With eyebrows raised by the high invalidation rate of signatures on several potential ballot issues, the Secretary of State's office said Thursday it may call for an investigation after a grace period to collect more signatures is completed.
Talk Business blogger Jason Tolbert reported earlier this week on the discrepancies found in multiple ballot petition pages, which show likely forged signatures and highlight questionable collection practices.
Three groups aiming to get issues on the November ballot turned in petitions with invalid signatures ranging from 44% to 71%.
John Lyon with our content partner, The Arkansas News Bureau, reports:
State police could be asked to probe possible forging of signatures, duplicated names and signatures of people not registered to vote on petitions submitted by two groups seeking to have ballot measures certified for the November general election ballot, according to Secretary of State Mark Martin spokesman Alex Reed.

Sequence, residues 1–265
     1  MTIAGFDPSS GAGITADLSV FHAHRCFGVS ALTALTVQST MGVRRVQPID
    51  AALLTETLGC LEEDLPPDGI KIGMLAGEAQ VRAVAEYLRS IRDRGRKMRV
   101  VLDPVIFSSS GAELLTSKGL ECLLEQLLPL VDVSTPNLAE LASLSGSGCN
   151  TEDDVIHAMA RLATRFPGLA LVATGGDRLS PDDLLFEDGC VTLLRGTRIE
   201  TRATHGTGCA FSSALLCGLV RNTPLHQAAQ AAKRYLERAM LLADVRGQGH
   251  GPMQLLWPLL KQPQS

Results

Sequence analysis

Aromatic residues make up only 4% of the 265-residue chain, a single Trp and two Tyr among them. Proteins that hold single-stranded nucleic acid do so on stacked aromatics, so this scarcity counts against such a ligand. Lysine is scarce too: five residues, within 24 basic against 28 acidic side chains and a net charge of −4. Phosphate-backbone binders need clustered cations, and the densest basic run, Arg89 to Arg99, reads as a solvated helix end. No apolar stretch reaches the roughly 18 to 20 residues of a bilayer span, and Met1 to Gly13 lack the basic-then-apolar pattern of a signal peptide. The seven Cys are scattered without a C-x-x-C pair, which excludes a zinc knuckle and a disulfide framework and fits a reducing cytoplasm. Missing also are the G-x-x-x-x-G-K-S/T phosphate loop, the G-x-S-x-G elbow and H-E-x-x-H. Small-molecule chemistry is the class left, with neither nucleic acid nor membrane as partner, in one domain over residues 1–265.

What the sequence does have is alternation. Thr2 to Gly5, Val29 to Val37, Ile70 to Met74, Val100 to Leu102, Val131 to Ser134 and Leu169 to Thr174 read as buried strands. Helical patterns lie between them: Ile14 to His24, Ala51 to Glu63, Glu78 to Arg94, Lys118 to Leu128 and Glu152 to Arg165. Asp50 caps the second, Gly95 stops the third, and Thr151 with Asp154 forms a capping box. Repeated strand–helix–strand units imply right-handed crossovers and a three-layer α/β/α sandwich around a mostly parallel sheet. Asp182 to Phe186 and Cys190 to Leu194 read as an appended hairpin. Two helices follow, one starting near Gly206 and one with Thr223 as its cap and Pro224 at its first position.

No decision is likely until after groups given extra time to gather signatures have submitted them and they are counted, Reed said.
“We’re trying to finish up what we have to finish up and then we will look at that,” he said.
Falsifying a petition is a Class A misdemeanor and is punishable by imprisonment of up to 365 days and/or a fine of $2,500.
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